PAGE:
Denied the Right to Vote… Again?
In the 1995 referendum, non-francophone students complained they were being discriminated against and prevented from voting. Sound familiar?
Today, several out-of-province university students in Montreal are claiming that they, too, are being unfairly denied the right to vote in the upcoming provincial election.
This story by Ingrid Hein and graphic by Jeff Nearing originally appeared on Oct. 31, 1995 in Volume 16, Issue 15 of The Link.
Students denied right to vote
Students were left bewildered after being arbitrarily interrogated and denied the right to vote at the polls yesterday.
Voting procedures were completely chaotic, according to a lawyer from the No committee at the Sherbrooke and Simpson streets polling station, in the Westmount-St. Louis riding.
“We had the police at the polling station twice today,” said the lawyer at the Unitarian Church polling station, who didn’t want to be named. “We almost got into fist fights with reps from the Oui committee.”
Sarah Fowlie, a Concordia student working at the CSU-run housing and job bank, said she was completely denied the right to vote for reasons she cannot figure out. “There were three polling clerks behind the desk. One of them had my name, the other two had it scratched out. They wouldn’t let me vote.”
Fowlie went to the Directeur du scrutin on de Maisonneuve and was told she couldn’t vote, the decision was final and there was no appeal process.
“I’m freaked out,” she said. “I totally feel discriminated against, but I can’t figure out why.”
The lawyer from the No side argued that a lot of non-francophone voters were being discriminated against. Poll clerks were harassing voters, asking them to re-affirm their identity by swearing on the Bible.
“When they’re (the polling clerks) suspicious they can ask, but it’s happening way too much. They are swearing in ethnics, students and people speaking in english [sic].”
Voters who were challenged had to swear on the Bible or give a solemn declaration as to their identity.
Sanya Kiruluta, a second-year computer science major, was asked to swear she was actually in her home the day she was enumerated.
Dawson student Michelle Morrison was asked to swear on the Bible that she really was Michelle Morrison. She said a poll clerk contested that she was resident of Quebec and asked her to swear on the Bible.
“I told them I could show I.D. but they didn’t want it,” said Morrison, who lives in the McGill area. “Maybe they thought I have only been living here for a couple of months,” she added.
Helene Larocque, of the chief electoral office of Quebec said poll clerks have the right to ask people to swear on the Bible, or give a solemn oath that they are really the person they claim to be.
“You couldn’t use I.D., can’t use a driver’s license. You have to swear on the Bible. They will probably not ask for I.D.,” she said.
Questionable Enumeration Practices
However, some students never even got as far as the polling stations. Many were never enumerated, despite going to great lengths to get on the list.
300 Bishop’s University students protested two weeks ago after being kept off the voters’ lists.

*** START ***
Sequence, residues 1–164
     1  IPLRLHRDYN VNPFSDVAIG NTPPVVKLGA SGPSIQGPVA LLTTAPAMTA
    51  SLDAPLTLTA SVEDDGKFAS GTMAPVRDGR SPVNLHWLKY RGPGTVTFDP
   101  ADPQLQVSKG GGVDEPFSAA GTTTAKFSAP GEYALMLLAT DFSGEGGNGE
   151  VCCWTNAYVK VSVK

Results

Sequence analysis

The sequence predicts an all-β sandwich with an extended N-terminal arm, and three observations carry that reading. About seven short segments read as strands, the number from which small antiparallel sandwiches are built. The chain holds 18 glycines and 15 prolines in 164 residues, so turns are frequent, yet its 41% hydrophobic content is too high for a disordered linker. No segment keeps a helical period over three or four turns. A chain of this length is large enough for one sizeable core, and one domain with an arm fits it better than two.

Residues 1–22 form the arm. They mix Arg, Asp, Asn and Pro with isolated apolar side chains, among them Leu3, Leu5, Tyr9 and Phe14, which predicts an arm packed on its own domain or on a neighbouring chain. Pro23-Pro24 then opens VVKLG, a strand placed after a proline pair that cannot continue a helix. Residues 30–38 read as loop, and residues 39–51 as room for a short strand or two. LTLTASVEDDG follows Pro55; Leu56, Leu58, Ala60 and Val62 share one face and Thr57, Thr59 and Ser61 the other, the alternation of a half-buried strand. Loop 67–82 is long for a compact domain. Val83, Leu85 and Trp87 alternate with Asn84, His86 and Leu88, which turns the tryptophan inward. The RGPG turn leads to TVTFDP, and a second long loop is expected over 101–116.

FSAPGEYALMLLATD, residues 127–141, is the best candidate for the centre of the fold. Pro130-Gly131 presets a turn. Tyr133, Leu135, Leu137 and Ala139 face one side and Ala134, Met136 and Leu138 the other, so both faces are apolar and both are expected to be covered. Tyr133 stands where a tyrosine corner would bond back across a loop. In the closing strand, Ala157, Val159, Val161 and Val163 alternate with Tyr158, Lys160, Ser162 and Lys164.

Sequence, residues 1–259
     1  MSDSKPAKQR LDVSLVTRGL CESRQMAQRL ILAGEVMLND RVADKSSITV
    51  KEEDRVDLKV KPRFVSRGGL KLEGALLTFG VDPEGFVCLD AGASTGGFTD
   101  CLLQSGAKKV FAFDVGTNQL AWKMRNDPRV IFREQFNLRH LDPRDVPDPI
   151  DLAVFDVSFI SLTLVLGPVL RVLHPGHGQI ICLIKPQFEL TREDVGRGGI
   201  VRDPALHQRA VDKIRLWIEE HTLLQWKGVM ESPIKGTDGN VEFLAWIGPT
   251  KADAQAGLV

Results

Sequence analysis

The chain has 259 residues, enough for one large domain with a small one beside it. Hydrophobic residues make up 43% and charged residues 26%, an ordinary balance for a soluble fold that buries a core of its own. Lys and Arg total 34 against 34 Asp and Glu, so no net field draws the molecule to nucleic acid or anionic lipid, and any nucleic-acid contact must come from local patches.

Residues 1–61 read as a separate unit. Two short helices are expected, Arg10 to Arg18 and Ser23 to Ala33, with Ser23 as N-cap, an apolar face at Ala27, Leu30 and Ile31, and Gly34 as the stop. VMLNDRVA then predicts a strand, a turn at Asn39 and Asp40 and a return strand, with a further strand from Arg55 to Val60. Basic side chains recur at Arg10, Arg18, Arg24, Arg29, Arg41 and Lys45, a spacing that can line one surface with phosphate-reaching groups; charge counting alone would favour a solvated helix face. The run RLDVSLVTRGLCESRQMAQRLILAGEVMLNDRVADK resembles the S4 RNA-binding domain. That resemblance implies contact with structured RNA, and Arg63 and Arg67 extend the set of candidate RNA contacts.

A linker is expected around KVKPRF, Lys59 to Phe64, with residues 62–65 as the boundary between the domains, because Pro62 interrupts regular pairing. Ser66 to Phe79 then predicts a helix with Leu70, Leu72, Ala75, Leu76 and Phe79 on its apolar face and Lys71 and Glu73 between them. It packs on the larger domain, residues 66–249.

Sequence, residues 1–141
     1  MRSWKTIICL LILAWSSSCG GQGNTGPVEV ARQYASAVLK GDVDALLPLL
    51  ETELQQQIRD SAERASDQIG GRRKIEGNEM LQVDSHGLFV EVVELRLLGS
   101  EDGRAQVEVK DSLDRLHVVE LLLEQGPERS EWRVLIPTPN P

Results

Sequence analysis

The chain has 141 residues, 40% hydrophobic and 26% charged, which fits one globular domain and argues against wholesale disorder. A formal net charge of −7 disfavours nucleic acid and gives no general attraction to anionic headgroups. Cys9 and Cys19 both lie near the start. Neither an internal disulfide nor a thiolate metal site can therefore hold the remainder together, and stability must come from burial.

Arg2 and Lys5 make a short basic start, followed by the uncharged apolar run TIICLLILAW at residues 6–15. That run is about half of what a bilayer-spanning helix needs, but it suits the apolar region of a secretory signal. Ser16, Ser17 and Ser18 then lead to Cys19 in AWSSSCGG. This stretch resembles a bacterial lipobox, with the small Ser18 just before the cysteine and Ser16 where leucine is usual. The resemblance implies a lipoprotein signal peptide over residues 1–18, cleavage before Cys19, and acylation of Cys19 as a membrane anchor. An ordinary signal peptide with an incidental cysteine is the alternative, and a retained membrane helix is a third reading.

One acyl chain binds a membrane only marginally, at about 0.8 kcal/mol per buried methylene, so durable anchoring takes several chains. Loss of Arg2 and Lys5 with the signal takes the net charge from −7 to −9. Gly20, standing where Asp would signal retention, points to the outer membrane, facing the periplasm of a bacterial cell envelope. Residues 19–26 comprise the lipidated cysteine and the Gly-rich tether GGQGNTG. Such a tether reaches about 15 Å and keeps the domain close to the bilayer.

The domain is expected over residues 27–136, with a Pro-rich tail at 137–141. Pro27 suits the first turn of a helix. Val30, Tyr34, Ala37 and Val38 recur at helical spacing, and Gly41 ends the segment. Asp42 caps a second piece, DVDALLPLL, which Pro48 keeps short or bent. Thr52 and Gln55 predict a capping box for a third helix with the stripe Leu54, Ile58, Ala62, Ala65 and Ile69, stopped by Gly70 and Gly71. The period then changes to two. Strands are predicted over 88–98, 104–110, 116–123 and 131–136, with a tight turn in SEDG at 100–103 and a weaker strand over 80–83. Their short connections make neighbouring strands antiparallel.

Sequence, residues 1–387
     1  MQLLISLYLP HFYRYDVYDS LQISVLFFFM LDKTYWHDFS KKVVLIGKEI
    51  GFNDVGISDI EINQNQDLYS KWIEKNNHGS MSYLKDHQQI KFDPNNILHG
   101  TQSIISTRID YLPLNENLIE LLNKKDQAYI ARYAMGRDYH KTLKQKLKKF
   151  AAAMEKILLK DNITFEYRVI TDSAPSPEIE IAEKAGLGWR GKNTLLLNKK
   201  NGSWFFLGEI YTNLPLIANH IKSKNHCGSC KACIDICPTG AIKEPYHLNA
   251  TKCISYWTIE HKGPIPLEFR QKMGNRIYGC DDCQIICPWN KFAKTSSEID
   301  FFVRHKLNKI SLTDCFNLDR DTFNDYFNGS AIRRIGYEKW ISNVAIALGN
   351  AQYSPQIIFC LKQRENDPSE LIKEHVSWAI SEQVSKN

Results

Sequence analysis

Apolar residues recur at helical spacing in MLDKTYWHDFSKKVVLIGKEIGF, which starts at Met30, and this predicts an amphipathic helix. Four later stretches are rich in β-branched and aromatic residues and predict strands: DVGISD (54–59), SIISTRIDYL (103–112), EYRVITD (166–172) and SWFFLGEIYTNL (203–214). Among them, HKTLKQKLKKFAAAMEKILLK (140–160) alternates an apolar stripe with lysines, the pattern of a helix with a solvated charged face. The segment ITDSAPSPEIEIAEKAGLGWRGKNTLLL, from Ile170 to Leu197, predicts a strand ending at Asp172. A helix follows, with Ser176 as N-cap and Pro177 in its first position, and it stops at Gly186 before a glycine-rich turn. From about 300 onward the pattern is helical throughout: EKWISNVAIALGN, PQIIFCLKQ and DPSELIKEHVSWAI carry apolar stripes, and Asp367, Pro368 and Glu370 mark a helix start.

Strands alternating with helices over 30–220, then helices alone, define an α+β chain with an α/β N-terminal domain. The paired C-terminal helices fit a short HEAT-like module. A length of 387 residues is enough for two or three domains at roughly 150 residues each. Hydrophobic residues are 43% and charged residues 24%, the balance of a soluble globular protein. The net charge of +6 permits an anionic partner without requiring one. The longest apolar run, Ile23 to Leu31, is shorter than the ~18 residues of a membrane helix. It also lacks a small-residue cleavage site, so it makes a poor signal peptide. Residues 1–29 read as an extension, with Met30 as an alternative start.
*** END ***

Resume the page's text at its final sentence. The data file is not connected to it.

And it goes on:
McGill student Adam Jamieson said his experience trying to get enumerated was frustrating and horrendous. He waited four hours in a line-up at the office of the chief returning officer with his lease, passport, driver’s license and other identification in hand, but was still turned away.
“I wasn’t the only one. There were tons of people turned away, some of them were crying in the stairwell.”
Noah Beggs, a fourth year arts and science student at Concordia said he and his roommate were rejected after they showed all the relevant documents—and their B.C. health cards—to enumerators.
“They (the office of the chief returning officer) asked my roommate ‘How do we know you’re not going back to Vancouver?’”
According to Mario Couture, the returning officer for the Westmount-St. Louis reducing, potential voters were asked for their medicare cards because it was a proof of domicile in Quebec.
Couture explained that representatives from both camps decided who was eligible to vote.
Students were asked for their medicare cards because possessing a health card from another province means they are still eligible to vote in their home province.
As with any provincial election this means they are not eligible to vote in Quebec, explained Couture.
Concordia philosophy student John Lee ran into similar disputes with an enumeration officer. “The tone was that they didn’t want you to be enumerated,” he said. “It was the questions they asked, like, ‘Are you planning to stay in the province?’” Lee noted that he has been living in Quebec for two years, and is a Canadian citizen.
Nigel Lall, the proprietor of Café Cirque, a coffee shop near Concordia, was also denied the right to vote. “They said I didn’t have adequate proof of domicile,” he said. “I had my lease with me for the business. I pay 70 to 80 thousand dollars [sic] to Quebec in tax per year and I can’t vote because I haven’t got a medicare card.”
Lall said he was escorted out of the office of the deputy returning officer by a security guard.
“Once they start denying the right to vote, where’s the democracy in this country?”
—additional reporting Gen Napier
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